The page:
For discovering the combustion process, the emission index of RP-3 and HCHJ was compared at various flame position, given in Fig. 5. It is found that the PM2.5 showed a gradually decrease from inner edge of flame to outer edge of the flame. At the inner edge of flame, the temperature is the lowest but with the largest concentration of PM2.5. The soot particles generated at the inner cone corner continue to participate in combustion as they move towards the flame surface, and the concentration of PM2.5 decreases combined with the concentration of CO increases. This result is coincidence with the formation mechanism of carbon smoke in the combustion process. With temperature increase near to combustion, fuel composition was firstly pyrolyzed and broken into small molecules of hydrocarbons, which then form a single ring of aromatic hydrocarbons and further grow into polycyclic aromatic compounds. Polycyclic aromatic compounds can be considered as the initial particles of soot nucleation. After the formation of the initial particles, soot particles may merge into larger soot particles by colliding with other initial particles of soot in the oxygen deficiency condition. With moving into flame, particle matter may react with oxygen to CO or CO2.

Fig. 5
figure 5

Comparison of the emission index at various flame position

From Fig. 5, UHC can only be detected at inner edge of flame for HCHJ while UHC can be detected even at outer edge of flame. Both of RP-3 and HCHJ present the highest CO concentration at the inner edge and the lowest of CO concentration was found at the surface of flame. NOx all showed an obvious increase from inner edge to outer edge of the flame. As the increase of flame temperature leads to more NOx formation which moved outward with combustion gas, the highest NOx has been investigated at the outer edge of flame. NO increase obviously while NO2 increase scarcely. NOx emissions are induced by three mechanisms namely thermal, fuel and prompt. Fuel NOx formation can be negligible due to less nitrogen in RP-3 and free of nitrogen in HCHJ. For prompt NOx formation, it can also be negligible due to lower fuel air ratio in engine control. Therefore, NOx formation is mainly derived from thermal mechanism of N2 oxidation. NOx can be reduced to N2 by PM2.5, UHC and CO.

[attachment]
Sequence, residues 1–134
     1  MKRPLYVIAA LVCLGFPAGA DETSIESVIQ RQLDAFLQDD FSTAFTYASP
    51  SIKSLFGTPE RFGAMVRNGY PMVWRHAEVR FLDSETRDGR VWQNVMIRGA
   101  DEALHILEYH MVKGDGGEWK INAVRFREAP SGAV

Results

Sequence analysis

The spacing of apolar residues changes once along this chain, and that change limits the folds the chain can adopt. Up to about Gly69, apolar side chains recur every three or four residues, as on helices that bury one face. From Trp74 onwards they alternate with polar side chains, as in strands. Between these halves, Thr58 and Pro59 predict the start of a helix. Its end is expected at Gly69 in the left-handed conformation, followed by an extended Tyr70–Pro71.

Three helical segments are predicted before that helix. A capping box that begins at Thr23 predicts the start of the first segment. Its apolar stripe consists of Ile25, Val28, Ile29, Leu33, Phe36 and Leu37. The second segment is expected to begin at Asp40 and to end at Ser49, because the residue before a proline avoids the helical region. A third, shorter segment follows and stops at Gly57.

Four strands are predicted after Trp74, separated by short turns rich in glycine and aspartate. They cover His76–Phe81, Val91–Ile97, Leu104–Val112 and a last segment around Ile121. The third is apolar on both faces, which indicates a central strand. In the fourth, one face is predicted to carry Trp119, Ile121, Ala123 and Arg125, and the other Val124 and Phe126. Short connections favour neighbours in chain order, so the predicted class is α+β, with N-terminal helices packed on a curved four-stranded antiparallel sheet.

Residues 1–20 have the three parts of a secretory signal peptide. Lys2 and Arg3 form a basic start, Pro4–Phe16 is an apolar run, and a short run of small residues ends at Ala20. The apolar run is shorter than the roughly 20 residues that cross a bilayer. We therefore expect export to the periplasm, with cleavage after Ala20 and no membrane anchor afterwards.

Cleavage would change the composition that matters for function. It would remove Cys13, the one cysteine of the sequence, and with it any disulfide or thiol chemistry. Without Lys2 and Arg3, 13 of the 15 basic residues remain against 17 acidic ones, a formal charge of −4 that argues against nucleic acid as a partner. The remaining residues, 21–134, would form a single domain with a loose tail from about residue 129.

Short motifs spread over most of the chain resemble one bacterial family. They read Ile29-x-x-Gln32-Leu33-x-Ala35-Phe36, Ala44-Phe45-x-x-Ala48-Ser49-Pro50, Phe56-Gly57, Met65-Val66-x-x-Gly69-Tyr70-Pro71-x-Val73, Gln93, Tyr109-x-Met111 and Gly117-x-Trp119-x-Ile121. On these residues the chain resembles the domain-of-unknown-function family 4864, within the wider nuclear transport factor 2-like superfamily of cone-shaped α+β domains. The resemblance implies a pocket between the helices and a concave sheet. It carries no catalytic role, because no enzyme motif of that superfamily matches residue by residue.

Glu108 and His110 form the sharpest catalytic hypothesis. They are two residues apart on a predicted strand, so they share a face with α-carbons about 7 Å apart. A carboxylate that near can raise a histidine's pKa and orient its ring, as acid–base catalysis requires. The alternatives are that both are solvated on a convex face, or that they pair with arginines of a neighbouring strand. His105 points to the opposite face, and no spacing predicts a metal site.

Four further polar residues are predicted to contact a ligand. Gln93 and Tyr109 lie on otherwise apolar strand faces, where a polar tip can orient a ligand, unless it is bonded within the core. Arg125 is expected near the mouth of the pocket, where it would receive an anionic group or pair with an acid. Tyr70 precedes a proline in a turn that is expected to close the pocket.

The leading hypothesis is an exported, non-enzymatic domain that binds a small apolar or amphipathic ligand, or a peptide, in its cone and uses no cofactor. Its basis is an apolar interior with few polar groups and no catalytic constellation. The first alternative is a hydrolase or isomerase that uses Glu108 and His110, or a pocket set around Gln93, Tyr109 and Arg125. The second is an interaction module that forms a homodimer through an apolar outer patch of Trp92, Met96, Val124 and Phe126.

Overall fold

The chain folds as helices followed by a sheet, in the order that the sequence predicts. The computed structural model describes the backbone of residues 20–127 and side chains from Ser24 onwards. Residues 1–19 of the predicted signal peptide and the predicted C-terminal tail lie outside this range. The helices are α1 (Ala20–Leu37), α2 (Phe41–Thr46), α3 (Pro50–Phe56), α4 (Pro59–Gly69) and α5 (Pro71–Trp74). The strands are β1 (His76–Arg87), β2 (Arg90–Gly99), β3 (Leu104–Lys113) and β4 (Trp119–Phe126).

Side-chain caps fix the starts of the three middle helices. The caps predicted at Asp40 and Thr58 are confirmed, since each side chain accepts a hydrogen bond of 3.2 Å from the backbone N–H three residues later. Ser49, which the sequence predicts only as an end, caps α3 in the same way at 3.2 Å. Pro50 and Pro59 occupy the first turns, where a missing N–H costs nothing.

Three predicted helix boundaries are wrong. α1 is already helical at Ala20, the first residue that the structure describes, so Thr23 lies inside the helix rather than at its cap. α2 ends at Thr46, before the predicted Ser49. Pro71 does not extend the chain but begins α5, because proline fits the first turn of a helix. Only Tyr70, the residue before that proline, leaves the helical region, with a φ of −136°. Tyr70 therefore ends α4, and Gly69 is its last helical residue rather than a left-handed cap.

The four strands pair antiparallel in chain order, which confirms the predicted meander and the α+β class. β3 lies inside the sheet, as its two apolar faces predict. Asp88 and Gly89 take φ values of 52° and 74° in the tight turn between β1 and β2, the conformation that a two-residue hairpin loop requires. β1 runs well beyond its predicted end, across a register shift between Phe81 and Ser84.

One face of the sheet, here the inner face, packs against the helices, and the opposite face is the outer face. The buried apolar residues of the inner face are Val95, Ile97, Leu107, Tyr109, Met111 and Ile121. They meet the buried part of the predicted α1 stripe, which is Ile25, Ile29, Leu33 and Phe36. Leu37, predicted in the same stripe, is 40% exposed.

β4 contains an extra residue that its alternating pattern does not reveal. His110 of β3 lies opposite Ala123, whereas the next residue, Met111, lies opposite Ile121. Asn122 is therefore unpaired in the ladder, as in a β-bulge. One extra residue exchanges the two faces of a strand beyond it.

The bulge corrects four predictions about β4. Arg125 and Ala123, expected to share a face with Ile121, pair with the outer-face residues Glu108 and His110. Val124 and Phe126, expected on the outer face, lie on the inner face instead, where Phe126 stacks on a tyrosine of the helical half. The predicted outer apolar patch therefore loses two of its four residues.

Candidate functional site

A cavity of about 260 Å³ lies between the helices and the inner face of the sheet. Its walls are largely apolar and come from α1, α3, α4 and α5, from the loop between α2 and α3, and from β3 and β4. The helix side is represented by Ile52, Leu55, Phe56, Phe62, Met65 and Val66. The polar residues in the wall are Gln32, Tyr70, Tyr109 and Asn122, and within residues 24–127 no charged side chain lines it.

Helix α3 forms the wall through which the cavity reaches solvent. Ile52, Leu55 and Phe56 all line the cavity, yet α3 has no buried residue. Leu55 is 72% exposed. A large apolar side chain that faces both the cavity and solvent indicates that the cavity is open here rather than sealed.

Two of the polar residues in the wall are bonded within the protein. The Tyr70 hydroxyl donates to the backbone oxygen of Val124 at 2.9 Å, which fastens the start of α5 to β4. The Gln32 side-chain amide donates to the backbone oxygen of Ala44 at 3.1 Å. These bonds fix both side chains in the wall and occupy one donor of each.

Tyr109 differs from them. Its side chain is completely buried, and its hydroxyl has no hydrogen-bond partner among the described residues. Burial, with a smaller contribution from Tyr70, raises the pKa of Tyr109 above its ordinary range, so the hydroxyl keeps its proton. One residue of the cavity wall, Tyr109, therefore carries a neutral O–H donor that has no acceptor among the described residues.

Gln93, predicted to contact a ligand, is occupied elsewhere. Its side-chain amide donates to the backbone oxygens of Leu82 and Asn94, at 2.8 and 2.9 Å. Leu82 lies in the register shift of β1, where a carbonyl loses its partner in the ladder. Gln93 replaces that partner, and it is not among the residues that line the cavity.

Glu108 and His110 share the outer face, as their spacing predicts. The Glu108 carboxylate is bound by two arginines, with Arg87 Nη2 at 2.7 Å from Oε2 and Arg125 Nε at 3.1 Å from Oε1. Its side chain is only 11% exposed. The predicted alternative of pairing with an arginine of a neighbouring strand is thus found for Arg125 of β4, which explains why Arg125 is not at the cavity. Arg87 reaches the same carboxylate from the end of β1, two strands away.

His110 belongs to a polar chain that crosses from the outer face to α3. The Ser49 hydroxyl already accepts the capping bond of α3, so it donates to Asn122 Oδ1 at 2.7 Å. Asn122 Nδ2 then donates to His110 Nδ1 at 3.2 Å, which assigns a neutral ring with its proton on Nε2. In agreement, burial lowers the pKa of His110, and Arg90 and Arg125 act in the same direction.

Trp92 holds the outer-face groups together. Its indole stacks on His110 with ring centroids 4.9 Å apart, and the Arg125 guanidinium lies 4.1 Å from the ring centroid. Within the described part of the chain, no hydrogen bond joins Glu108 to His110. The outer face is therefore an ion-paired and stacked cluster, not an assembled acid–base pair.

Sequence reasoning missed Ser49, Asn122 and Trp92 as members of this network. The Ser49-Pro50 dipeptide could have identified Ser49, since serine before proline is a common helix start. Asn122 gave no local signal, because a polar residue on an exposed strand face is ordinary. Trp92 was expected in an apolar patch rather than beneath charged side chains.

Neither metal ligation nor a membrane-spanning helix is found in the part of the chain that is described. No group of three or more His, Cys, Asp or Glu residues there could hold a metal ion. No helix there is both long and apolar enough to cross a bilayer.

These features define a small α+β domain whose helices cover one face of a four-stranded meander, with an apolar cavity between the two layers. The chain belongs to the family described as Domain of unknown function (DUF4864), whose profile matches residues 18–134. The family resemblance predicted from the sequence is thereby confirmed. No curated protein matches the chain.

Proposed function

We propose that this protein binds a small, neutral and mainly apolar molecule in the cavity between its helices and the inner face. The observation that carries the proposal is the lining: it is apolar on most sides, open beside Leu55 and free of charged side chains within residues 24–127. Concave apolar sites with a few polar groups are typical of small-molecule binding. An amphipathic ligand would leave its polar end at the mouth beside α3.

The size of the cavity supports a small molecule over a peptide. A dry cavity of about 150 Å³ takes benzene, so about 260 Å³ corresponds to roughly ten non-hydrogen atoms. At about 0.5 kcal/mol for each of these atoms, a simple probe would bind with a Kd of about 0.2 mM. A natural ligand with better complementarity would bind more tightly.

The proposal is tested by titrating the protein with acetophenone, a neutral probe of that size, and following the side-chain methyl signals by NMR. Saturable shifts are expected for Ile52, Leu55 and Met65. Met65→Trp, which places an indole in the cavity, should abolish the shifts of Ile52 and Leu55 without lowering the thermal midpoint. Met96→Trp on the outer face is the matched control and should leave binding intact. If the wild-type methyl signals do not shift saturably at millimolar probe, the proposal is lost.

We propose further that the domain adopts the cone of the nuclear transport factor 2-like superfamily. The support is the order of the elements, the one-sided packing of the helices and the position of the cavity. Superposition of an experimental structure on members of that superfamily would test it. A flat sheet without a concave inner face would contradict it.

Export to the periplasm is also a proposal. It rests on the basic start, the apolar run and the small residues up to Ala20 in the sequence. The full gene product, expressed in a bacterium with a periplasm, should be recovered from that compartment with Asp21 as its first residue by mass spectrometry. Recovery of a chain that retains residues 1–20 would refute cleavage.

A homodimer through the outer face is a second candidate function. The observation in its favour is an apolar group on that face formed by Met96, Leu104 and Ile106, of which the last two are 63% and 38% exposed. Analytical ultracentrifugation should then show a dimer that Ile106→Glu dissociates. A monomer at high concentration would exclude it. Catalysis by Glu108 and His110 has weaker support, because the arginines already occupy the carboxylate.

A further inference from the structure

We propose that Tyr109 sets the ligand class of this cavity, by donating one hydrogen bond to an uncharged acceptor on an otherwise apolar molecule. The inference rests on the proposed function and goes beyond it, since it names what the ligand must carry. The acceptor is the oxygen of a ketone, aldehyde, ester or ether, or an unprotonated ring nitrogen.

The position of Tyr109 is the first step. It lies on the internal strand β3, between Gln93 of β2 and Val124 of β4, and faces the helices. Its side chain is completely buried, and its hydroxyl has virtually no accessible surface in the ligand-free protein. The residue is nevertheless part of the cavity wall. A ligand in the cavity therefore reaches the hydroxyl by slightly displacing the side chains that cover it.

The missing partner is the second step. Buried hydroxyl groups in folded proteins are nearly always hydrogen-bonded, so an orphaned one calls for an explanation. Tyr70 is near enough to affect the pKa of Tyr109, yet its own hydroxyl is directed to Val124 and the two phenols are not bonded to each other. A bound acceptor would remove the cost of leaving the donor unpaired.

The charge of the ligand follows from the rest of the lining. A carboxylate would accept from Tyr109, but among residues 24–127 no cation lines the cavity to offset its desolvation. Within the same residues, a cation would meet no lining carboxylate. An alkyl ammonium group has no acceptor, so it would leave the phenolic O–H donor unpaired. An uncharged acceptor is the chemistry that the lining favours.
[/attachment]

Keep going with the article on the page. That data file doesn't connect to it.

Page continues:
Emission characteristics in engine

The impact of HCHJ blend on engine performance was studied at various engine speeds from 48% thrust to 97% thrust, as depicted in Fig. 6. The fuel–air ratios were adjusted in compliance with engine speed in combination with inlet temperature and inlet pressure. At low power loads, reducing the fuel/air ratio could reduce the EIUHC, but this would also lower the combustion temperature which could extend the timescale of complete combustion. At high power loads, increasing the fuel/air ratio could increase the EIUHC emissions due to higher fuel consumption, but the higher combustion temperature could accelerate combustion reactions. Considering all these complex effects, EIUHC showed emission peaks at 48% thrust and 95% thrust, with lower emissions in the moderate range of 55–90% thrust.

Fig. 6
figure 6

Comparison of the emission index. a UHC and PM2.5; b combustion efficiency; c NO, NO2,NOx,CO,PM2.5

EIPM2.5 is characterized with a complex relationship of thrust, and two types of jet fuel present different emission characteristics. The emission characteristics of EIPM2.5 can help understand how individual components in the jet fuel could influence PM2.5 formation. PM2.5 derived from gas turbine emission has been investigated the relationship with fuel properties including hydrogen content [4, 31], hydrogen-to-carbon ratio [27, 32], total aromatic content, threshold sooting index [33, 34]. HCHJ blend could be benefit for PM2.5 reduction. Through all thrust output, PM2.5 reduction can be obtained 77.5% at 10% HCHJ blend and 9.5% at 5% HCHJ blend throughout the entire range of thrust output setting. Moreover, combustion efficiency can be improved 0.05% at 5% HCHJ blend and 0.36% at 10% HCHJ blend. However, the effects of fuel blends on emission have been found different at various thrust output settings. PM2.5 reduction changed with thrust output settings and the largest reductions were observed at low power conditions, which is consistent with the previous research [9]. At various thrust output settings due to change in FAR and fuel flow, the turbulent state in combustor presents significantly distinction. In general, combustor is designed the best turbulent state at cruise. Hence, at low power conditions, the inlet temperature and inlet pressure with low FAR usually lower then at cruise conditions. Although lower FAR ratios could improve combustion emission but extend the timescale of combustion completeness due to the lower combustion temperature at low thrust output, which could enhance PM2.5 formation at low thrust output settings. At various thrust output settings, PM2.5 emission further confirmed that both of turbulent state and fuel effect influence PM2.5 formation. There is clear indication that PM2.5 formation in all conditions is attributed with combustion mechanism and turbulent state. As the different aromatics contents have different tendencies to generate PM2.5 at different condition, PM2.5 is not only related with the total aromatic content and individual aromatic structure but also the combustion environment at thrust setting and coexisting pollutants including NOx and UHC emissions.